Our 5 Most Popular Posts: November 2023

  • December 4, 2023

We love every piece we run. There are no winners or losers. But all kidding aside, here are November’s winners.

Our 5 Most Popular Posts: November 2023

  1. Eugene L. Meyer’s review of Elizabeth R. Varon’s Longstreet: The Confederate General Who Defied the South (Simon & Schuster). “Critics would interpret his dissent as disloyalty both to Lee and to the Confederate cause. For accepting defeat and Reconstruction — even becoming a Republican and working with newly enfranchised Black politicians — Longstreet was reviled. While other Confederate commanders were portrayed as noble warriors, meriting marble statues and even U.S. military bases named for them (and only recently changed), Longstreet was persona non grata.”

  2. C.B. Santore’s review of Deanne Stillman’s American Confidential: Uncovering the Bizarre Story of Lee Harvey Oswald and His Mother (Melville House). “If your reading preferences turn toward history, you’ll likely find American Confidential an unsatisfying rehash of already-known facts strung together with literary references, speculation, and imagined exchanges. If, however, you don’t mind the embellishments, it’s a very readable story told from a unique perspective — ideal for those who just can’t get enough of Kennedy-Oswald noir.”

  3. Peggy Kurkowski’s review of Matthew F. Delmont’s Half American: The Epic Story of African Americans Fighting World War II at Home and Abroad (Viking). “Ultimately, through his prodigious research and chronicling of myriad Black voices, Matthew Delmont shows readers ‘what it means to dissent in a democracy.’ Half American bestows a fresh assessment of — and appreciation for — the Black soldiers and civilians who fought extraordinarily hard so ‘that no one would ever again be treated as half American.’”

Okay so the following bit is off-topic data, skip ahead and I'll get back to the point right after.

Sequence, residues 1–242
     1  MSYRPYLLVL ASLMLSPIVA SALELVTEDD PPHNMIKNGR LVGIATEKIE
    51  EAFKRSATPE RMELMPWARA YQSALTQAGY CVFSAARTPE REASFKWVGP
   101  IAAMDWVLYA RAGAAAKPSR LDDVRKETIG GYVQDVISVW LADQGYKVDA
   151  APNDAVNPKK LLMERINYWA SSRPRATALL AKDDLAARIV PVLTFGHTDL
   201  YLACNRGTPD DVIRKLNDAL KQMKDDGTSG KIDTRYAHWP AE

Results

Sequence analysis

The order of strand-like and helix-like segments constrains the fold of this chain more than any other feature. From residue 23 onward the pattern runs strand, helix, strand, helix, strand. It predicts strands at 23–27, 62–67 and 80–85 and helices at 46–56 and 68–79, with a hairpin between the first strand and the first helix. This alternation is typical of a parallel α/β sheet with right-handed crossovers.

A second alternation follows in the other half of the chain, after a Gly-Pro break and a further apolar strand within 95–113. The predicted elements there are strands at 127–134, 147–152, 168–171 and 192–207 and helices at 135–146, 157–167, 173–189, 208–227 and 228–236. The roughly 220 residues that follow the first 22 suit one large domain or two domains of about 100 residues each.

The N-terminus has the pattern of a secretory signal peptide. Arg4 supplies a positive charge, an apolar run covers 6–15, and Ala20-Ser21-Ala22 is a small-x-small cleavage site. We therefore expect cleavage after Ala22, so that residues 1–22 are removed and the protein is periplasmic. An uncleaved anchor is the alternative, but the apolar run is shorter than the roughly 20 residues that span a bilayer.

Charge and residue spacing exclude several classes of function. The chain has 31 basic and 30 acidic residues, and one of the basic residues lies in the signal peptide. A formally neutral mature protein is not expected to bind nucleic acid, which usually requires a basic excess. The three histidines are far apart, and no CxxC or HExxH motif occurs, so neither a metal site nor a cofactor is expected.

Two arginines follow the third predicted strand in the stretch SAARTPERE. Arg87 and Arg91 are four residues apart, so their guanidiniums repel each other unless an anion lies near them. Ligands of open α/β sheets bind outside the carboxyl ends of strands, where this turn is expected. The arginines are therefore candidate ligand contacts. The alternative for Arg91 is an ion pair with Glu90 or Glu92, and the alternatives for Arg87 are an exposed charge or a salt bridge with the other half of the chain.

4. Diane Kiesel’s review of Antonia Fraser’s The Case of the Married Woman: Caroline Norton and Her Fight for Justice for Women (Pegasus Books). “Caroline Sheridan Norton was the granddaughter of playwright Richard Brinsley Sheridan (‘The Rivals,’ ‘The School for Scandal’), who, in 1827, married George Norton, a lawyer, a Tory member of Parliament, and a wife-beater. Lord Melbourne was the Whig prime minister whose flirtation — and maybe more — with Norton led to the breakup of her marriage, the loss of her children, and her transformation from society maven to radical activist. Today’s divorced women who win custody of their children have Norton, in large part, to thank. They should thank her, too, for the ability to get divorced in the first place.”

  5. “Announcing the 2024 Washington Writers Conference.” “You know that manuscript you’ve been toiling over for months and months (if not years and years)? Well, it’s finally time to DO something with it! Attend the 2024 Washington Writers Conference (May 3-4) in Rockville, MD, and pitch your book to literary agents!”

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